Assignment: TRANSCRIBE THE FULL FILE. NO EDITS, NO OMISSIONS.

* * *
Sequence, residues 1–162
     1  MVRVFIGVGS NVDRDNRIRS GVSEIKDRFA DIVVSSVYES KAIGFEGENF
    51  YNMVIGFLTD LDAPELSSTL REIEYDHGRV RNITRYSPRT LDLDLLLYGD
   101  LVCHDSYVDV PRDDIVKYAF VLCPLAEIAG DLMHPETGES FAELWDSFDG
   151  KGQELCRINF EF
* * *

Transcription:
Sequence, residues 1–162
     1  MVRVFIGVGS NVDRDNRIRS GVSEIKDRFA DIVVSSVYES KAIGFEGENF
    51  YNMVIGFLTD LDAPELSSTL REIEYDHGRV RNITRYSPRT LDLDLLLYGD
   101  LVCHDSYVDV PRDDIVKYAF VLCPLAEIAG DLMHPETGES FAELWDSFDG
   151  KGQELCRINF EF